||From the radish seed lab, we had the same independent variable or deionized water, so we learned that plants grown with deionized water had a longer total length in centimeters(our DV). Most seeds consist of three parts: embryo, endosperm, and seed coat. The embryo is a tiny plant that has a root, a stem, and one or more leaves. The endosperm is the nutritive tissue of the seed, often a combination of starch, oil, and protein. The seed coat is a protective covering that can help seeds remain viable for long periods of time. Seeds are the byproduct of flowers or flower-like structures, and can be encased in fruits. The seeds that we use to grow food are alive, but they are dormant until they are “activated to grow.” Germination is the process of an organism growing from a seed or spore. The three factors that determine germination for any seeds are; water, oxygen, and the right temperature. These factors essentially activate the seed for it to grow/germinate. The independent variable in our coriander seed experiment is the type of water we use to grow the plants, whether it’s tap water or deionized water. We chose this independent variable because we wanted to see if there would be similar results to our radish lab, where the deionized water allowed the embryos to grow bigger. We chose coriander seeds for this experiment, also known as coriandrum sativum. Some fun facts about coriander are that coriander has been around for centuries and is believed to be one of the oldest herbs used today, it gets its name from a bug, it has great health benefits and healing properties, it bears fruit and flowers, coriander is one of the most widely used herbs.
||Will deionized water or tap water have an effect on shoot length and leaf count of a coriander plant? Type of water (tap or deionized) will be tested against seedling shoot length and number of leaves over a 8 day period. The purpose of this experiment is to test whether watering with deionized water or tap water would be more effective in having a greater shoot length and number of leaves on a coriander herb. We chose this variable to use because we tested the type of water with radish seeds to find our interesting results of the prior radish lab in class. We can learn based on our research question because we want to find out if more species of plants will have different qualities when watered with tap or deionized water. Our results from prior experiments helped us learn and understand that Radish seeds like deionized water as compared to tap water over 7 days to which we wanted to compare with Coriander!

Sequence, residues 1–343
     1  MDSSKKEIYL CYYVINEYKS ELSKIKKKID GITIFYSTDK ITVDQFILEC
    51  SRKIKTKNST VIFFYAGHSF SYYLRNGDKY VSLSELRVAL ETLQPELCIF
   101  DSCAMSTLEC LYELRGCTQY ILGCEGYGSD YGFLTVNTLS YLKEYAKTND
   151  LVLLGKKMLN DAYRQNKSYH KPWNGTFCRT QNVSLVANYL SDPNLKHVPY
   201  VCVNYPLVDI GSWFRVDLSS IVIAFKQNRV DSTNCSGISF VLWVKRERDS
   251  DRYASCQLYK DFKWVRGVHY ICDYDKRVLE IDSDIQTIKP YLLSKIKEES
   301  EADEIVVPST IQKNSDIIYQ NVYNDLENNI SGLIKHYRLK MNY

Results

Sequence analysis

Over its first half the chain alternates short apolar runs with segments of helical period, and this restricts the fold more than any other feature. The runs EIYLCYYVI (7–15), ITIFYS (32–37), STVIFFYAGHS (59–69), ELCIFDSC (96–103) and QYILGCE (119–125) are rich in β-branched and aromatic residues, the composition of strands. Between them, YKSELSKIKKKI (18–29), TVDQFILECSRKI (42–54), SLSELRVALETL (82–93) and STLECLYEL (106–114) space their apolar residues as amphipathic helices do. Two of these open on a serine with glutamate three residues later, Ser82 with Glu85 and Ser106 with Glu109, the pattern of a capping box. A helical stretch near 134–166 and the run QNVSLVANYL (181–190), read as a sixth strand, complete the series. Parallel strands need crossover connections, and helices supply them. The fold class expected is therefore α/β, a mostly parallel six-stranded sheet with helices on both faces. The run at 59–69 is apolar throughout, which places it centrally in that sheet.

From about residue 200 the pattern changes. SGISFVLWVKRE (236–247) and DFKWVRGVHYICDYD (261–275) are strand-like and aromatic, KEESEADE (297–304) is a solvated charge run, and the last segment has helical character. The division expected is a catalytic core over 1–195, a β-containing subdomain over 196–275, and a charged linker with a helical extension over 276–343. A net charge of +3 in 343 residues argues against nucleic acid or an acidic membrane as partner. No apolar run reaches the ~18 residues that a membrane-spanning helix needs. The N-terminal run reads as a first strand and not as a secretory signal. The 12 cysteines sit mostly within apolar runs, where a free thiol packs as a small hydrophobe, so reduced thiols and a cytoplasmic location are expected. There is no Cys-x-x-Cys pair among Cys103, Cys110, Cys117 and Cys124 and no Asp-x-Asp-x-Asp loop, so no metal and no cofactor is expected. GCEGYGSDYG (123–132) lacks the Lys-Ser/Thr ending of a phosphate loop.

||If type of water is changed, a coriander plant will see higher number of leaves and a greater shoot length if it is watered with deionized water (experimental) compared to tap water (control) over 8 days.
- We maintained a consistent every 2 day watering cycle where we used a beaker to measure 20ml of their specific type of water for each pot.
- We had 2 coriander seeds per 2 inch pot.
- Every pot contained soil around 60g with a +-4g error of margin measured on a standard scale.
- Our experimental group is the 10 coriander seeds watered with deionized water.
- Our independent variable for our experiment is the type of water we use to water out seeds before and after germination. We used tap water and deionized water.
- Our dependent variable is the total shoot length in centimeters and the number of leaves on each plant. We are measuring the shoot length with a ruler on the centimeter side, and counting the leaves on our own. We collected data on October 4th, 6th, and 12th. This data collection was over 8 days.
||Based on the experimental results, the hypothesis was supported. Coriander plants that were watered with deionized water had a total average of shoot length of 4.81cm and average number of leaves of 2 on day 13, while coriander plants that were provided with tap water had a total average of 6.01cm and an average number of leaves on day 13. This means that if someone were to do this (or a similar) experiment again, we can obtain greater seedling shoot lengths over 7 days when deionized water is used over tap water.
One strength was that we managed to keep constants from CG and EG similar to make sure we get best results. We watered pots with 20 ml every few days to make sure they got proper and same amounts of water. We also measured mass of soil and made sure it stayed in an appropriate range to get best results.
Another strength was how we collected concise and clear data. We were able to understand which type of water best suited our type of plant and understood our results clearly.
A weakness was our execution of our experiment. When planting our coriander seeds, we planted them too deep at a depth of 1-2 cm and suffered the consequences of not being able to collect enough data for the first few days. We can correct this by planting seeds at a lower depth so they have proper measures of germination and being able to retain water, temperature, and oxygen. This could have potentially damped the quality of our data.
Another weakness was using a more efficient method of giving our plants light. We noticed that our coriander seedlings did not grow in a upright or healthy manner when it was given sunlight from the classroom. In the future, we will put our experiment closer to proper sunlight that the plant requires to live and survive as a healthy herb.
||High School Students (Grades 9,10,11,12)
||Adlai E. Stevenson High School